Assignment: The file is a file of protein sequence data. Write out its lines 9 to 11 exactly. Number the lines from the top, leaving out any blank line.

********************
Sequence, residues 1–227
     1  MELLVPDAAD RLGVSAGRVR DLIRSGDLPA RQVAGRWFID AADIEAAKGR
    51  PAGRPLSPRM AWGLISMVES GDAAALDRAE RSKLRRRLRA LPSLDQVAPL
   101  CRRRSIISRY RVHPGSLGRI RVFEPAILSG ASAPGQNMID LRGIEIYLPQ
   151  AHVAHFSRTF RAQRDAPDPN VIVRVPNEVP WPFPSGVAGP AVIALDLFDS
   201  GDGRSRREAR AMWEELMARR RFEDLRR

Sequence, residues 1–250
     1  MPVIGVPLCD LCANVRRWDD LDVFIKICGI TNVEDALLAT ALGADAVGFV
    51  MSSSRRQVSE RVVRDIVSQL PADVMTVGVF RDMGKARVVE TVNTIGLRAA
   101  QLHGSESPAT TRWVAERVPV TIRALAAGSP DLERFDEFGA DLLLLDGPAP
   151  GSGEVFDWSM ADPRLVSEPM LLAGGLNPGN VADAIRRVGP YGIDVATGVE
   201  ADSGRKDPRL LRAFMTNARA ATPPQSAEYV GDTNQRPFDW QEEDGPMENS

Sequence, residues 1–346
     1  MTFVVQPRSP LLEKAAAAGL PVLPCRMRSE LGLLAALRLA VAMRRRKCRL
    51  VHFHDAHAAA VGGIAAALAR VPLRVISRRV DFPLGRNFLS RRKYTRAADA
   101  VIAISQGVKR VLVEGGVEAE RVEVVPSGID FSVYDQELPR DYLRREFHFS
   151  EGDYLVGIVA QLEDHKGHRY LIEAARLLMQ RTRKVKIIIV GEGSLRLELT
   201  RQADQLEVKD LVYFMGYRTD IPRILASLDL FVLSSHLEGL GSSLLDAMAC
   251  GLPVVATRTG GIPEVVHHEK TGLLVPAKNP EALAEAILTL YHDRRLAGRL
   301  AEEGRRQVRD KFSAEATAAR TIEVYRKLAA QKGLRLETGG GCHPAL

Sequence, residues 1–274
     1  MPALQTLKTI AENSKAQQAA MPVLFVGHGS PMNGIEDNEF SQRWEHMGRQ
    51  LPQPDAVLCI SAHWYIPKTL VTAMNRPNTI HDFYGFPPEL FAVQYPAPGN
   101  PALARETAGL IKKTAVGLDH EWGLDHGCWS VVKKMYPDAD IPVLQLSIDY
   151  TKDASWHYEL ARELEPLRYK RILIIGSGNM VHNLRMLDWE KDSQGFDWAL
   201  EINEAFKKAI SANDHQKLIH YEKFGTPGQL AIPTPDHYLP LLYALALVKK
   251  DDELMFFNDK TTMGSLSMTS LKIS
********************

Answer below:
    51  MSSSRRQVSE RVVRDIVSQL PADVMTVGVF RDMGKARVVE TVNTIGLRAA
   101  QLHGSESPAT TRWVAERVPV TIRALAAGSP DLERFDEFGA DLLLLDGPAP
   151  GSGEVFDWSM ADPRLVSEPM LLAGGLNPGN VADAIRRVGP YGIDVATGVE